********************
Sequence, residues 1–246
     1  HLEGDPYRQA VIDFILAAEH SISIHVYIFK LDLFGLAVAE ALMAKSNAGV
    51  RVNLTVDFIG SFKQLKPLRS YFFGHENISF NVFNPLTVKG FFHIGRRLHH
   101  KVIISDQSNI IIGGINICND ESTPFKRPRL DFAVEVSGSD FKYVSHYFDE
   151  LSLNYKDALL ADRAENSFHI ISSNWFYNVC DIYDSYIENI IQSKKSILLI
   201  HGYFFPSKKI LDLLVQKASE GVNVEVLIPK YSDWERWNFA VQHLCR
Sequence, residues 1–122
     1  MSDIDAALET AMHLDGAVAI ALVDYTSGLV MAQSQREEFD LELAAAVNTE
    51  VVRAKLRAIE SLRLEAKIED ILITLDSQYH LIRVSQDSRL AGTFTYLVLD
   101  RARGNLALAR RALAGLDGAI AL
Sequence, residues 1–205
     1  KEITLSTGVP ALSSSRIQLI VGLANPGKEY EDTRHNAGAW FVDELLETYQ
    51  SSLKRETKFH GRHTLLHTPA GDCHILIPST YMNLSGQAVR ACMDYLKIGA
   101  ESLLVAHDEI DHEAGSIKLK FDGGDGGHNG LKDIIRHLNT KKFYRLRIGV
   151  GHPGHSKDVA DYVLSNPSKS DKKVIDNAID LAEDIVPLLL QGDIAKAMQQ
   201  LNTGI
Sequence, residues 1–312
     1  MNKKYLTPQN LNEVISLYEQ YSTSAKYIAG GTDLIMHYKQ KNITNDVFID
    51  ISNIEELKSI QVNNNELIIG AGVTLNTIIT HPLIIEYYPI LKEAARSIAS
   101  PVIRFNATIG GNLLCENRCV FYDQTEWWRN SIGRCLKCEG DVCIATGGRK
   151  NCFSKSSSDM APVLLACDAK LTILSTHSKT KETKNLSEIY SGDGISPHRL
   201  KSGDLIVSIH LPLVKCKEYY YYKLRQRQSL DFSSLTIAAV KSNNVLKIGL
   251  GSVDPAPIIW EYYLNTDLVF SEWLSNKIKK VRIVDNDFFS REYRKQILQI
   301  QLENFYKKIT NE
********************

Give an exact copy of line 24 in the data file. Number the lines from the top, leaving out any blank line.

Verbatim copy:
   301  QLENFYKKIT NE